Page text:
Home About AllHealth Website Sitemap Contact Us
All Health 
You are here: Home > Test-Finder > General


cervical biopsy
- A cervical biopsy involves the removal of a small sample of tissue from the cervix. The cervix is the lowest part of the uterus and contains the opening from the uterus to the vagina. The tissue sample is called a biopsy.
aspergillosis precipitin
- Aspergillosis precipitin is a blood test that detects antibodies against a common fungus, or mould, called Aspergillus. The aspergillosis infection spreads in the bloodstream. It may cause an infection in the ear, cornea of the eye, heart valves, sinuses, lungs or brain.
aspergillus antigen skin test
An aspergillus antigen skin test detects antibodies against a common fungus, or mould, called Aspergillus. The aspergillosis infection spreads in the bloodstream. It may cause an infection in the ear, cornea of the eye, heart valves, sinuses, lungs or brain.
- This test, performed upon a sample of the fluid surrounding the foetus in the uterus (the "amniotic fluid"), is designed to detect a number of disorders of the foetus.
- The APGAR score is a quick test performed on the infant immediately after delivery at 1, 5 and sometimes 10 minutes after birth to determine the physical condition of the newborn.
- This test measures the amount of bilirubin in the blood. Bilirubin is produced by the breakdown of haemoglobin, the oxygen-binding protein in red blood cells. Bilirubin is processed in the liver. If liver cells are damaged, it can escape into the bloodstream.
breast biopsy
blood flow studies
- This test measures blood flow through an artery or vein.
bleeding time
- This test measures how long it takes a person to stop bleeding after the skin is cut.
breast lump removal
blood glucose tests
- Blood glucose, or blood sugar, is the amount of glucose circulating in the blood. Glucose is another name for sugar and is an important energy source for the body. The body forms glucose when it breaks down the foods that are eaten. For example, bread or cereal is not in a form of energy that the body can use. The body converts these foods into a useable form, glucose.
chromosome analysis
- Chromosome analysis involves looking at cells under a microscope to see if the chromosomes are normal.
- A bronchoscopy is a test done with a thin, flexible fibre-optic tube called a bronchoscope. The tube is inserted through the nose or mouth into the lung. A tissue sample can be removed for study, or biopsied.
Coombs' test, direct
- The direct Coombs' test detects antibodies, which are proteins that react against other molecules, on the surface of an individual's red blood cells.
chorionic villus sampling
- Chorionic villus sampling, or CVS, is a procedure in which a small piece of tissue is taken from the chorionic villi early in pregnancy. The chorionic villi are lacy fibrils that attach the sac holding the foetus to the uterine wall. These fibrils have the same genetic and biochemical makeup as the foetus.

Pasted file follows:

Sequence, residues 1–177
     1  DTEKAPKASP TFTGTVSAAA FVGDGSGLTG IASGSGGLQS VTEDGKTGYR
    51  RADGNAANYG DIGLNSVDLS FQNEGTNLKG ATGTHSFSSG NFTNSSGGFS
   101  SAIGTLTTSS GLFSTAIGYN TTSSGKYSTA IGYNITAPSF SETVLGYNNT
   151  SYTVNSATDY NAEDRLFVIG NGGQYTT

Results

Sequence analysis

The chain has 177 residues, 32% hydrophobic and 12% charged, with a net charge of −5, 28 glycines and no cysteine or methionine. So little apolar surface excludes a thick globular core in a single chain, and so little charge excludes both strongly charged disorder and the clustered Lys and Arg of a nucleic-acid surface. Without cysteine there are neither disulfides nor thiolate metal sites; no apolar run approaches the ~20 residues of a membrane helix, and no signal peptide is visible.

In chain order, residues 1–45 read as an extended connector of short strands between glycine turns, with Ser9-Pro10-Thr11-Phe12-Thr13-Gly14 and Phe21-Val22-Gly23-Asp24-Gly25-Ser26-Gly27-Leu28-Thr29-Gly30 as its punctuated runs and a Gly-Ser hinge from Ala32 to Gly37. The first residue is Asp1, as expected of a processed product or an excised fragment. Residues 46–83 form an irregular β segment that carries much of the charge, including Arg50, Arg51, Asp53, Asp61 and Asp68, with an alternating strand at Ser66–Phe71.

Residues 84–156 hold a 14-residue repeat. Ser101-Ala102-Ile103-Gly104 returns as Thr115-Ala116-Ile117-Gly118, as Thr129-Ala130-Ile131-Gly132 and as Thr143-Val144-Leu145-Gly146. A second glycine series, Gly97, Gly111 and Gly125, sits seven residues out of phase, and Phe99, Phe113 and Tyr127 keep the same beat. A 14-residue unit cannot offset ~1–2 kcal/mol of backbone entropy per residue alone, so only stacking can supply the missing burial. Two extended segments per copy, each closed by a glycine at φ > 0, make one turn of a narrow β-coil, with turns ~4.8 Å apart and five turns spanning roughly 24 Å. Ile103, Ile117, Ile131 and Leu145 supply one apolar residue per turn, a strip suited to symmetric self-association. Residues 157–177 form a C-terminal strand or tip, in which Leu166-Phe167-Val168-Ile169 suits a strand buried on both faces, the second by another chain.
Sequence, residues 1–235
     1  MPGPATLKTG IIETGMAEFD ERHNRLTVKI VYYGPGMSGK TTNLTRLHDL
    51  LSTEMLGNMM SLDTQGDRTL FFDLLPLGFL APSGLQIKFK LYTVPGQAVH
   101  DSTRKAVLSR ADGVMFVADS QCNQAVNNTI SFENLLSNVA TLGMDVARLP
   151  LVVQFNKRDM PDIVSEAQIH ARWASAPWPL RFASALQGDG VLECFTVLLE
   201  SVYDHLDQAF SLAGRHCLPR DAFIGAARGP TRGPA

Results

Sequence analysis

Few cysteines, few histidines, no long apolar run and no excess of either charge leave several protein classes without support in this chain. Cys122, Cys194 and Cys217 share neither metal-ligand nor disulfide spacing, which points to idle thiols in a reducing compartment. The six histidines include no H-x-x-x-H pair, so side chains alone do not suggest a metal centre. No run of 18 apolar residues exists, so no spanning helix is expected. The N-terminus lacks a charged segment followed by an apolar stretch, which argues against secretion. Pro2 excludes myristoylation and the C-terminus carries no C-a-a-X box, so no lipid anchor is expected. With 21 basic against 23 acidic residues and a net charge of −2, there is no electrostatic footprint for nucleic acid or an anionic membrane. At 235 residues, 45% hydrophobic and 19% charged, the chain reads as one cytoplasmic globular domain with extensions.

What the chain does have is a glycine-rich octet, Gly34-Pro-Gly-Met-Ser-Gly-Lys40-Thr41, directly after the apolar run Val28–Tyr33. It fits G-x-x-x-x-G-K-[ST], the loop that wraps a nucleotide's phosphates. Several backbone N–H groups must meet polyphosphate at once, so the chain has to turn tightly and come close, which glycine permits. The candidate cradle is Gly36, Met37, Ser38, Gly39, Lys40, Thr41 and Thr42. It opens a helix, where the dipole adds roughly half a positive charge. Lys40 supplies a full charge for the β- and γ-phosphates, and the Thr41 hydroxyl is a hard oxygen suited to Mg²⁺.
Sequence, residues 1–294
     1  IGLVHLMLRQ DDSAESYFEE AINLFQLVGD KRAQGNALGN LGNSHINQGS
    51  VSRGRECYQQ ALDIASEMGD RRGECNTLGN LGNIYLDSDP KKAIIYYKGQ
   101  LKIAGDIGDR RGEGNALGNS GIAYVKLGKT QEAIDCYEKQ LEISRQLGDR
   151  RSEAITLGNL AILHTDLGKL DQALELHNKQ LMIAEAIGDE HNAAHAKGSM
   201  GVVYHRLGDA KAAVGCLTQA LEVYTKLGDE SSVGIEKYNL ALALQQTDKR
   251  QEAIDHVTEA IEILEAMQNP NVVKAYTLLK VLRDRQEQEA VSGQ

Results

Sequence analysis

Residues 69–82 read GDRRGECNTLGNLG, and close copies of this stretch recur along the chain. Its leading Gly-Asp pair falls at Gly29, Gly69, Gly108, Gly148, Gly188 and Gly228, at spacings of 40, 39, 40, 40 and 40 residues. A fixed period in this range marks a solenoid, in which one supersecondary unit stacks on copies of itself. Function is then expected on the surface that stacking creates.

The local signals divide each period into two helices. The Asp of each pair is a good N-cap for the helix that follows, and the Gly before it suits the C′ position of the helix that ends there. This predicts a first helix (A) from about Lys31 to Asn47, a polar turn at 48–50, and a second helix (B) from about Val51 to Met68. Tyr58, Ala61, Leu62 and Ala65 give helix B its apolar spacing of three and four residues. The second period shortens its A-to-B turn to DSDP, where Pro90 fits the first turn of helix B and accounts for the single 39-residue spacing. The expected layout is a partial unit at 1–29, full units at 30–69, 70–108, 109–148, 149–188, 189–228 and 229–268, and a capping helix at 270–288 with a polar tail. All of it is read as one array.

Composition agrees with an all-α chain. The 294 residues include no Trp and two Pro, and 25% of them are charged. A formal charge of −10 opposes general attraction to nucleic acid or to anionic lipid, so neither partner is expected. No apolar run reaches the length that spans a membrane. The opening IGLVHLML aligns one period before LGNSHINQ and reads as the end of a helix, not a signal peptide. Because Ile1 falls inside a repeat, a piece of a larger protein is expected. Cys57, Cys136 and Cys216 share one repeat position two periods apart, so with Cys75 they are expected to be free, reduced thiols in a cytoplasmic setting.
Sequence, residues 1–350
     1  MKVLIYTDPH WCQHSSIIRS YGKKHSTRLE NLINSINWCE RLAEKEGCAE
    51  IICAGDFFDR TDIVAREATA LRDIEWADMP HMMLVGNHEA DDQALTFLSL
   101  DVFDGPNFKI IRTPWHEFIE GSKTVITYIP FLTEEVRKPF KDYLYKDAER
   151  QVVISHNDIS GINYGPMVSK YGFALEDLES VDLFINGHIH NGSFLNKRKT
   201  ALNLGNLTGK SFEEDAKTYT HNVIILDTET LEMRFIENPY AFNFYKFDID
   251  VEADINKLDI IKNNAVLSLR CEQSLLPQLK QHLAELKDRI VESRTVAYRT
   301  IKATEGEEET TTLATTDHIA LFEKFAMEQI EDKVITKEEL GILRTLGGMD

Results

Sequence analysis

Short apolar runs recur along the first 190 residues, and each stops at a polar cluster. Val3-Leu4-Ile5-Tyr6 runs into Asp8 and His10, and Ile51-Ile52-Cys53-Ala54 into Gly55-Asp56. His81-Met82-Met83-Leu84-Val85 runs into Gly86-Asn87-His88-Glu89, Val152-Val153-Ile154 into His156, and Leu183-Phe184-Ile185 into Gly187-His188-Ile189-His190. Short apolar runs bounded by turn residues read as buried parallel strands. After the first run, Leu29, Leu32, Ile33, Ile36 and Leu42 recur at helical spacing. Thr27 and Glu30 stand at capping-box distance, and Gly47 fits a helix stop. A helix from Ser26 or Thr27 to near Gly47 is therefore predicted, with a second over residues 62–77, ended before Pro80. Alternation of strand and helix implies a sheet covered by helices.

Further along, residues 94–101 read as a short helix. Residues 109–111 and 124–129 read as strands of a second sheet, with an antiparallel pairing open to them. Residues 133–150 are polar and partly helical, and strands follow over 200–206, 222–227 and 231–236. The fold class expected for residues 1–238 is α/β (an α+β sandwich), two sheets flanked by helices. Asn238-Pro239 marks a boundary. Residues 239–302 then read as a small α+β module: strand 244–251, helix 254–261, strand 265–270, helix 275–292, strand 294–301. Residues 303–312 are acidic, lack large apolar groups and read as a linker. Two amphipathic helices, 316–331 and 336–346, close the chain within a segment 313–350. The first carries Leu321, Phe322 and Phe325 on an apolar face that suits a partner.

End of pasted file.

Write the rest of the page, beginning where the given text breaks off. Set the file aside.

- Colposcopy involves the use of a special lighted microscope to magnify the surface of the cervix during a pelvic examination. The cervix is the lowest part of the uterus and contains the opening from the uterus to the vagina.
adrenal biopsy
- There are two adrenal glands in the body, one on top of each kidney. These glands produce a variety of hormones that affect almost all of the body's functions. An adrenal biopsy involves taking a sample of tissue, usually from only one adrenal gland.
biopsy -- detailed
- A biopsy is the removal of a sample of tissue from the body. The sample is then examined under a microscope. Biopsies are used to diagnose many medical conditions, from skin problems to cancer.
cytology exam of urine
- A cytology examination of urine is an examination of the cells that appear in the urine. This test can detect and help diagnose some urinary tract diseases. The urinary tract contains the kidneys, bladder, and the tubes that connect these organs to the outside of the body.
endocervical culture
cytology exam of pleural fluid
- Pleural fluid is the fluid that surrounds the lungs and lubricates their linings. This test can help identify any cancer cells if they are present in the pleural fluid.
- The sigmoid is the last small stretch of colon, or large intestine, before the rectum. A sigmoidoscopy is a procedure that is done to examine this part of the bowel as well as the rectum and the anus.
DNA testing
- DNA testing is a type of genetic test that looks for changes in the DNA molecule. The changes, called mutations, may be associated with genetic diseases. Diseases such as the inborn errors of metabolism are diagnosed this way. The changes may also be variations in the DNA molecule that occur between the genes. These changes don't cause disease, and are sometimes called innocent changes. Identifying them can be useful for such things as paternity testing.
blood differential
- The blood differential test measures how many different kinds of white blood cells are in the bloodstream. It tests to see if the structure of the white blood cells is normal or abnormal.
- An electrocardiogram, also called an ECG, is a graphic record of the heart's electrical activity. Doctors use it to help diagnose heart disease. They can also use it to monitor how well different heart medications are working.
culture of joint fluid
- An enema is a way of cleaning out the bowel or large intestine. Various solutions are inserted into the rectum to soften the faeces. This causes the bowel and rectum to stretch and expand, and helps the bowel to empty.
- ELISA is test that is usually done on a sample of blood. This test may be used for various purposes. The test detects the presence of either antigens or antibodies in the blood. An antigen is a protein found in a substance in the body, such as a bacteria or piece of a protein. An antibody is a protein formed by the body in response to an antigen. Specific antigens "stick" to the specific antibodies that are created in response to them. Not all proteins in the body cause antibodies to be made. The proteins that do are possible candidates for an ELISA test.
CPK isoenzymes
- Creatinine is a waste product made by the body during regular metabolism. It is excreted into the urine by the kidneys. A serum creatinine test measures the level of creatinine in the blood.
acetylcholine receptor antibody
- This test determines the amount of edrophonium in a person's body. Edrophonium is a molecule that stimulates muscle contractions.
acid phosphatase test
- The acid phosphatase test measures the level of acid phosphatase in the blood. Acid phosphatase is an enzyme found in the prostate gland, semen, liver, spleen, blood cells, and bone marrow. If these organs and tissues are not functioning right, they may release acid phosphatase into the bloodstream.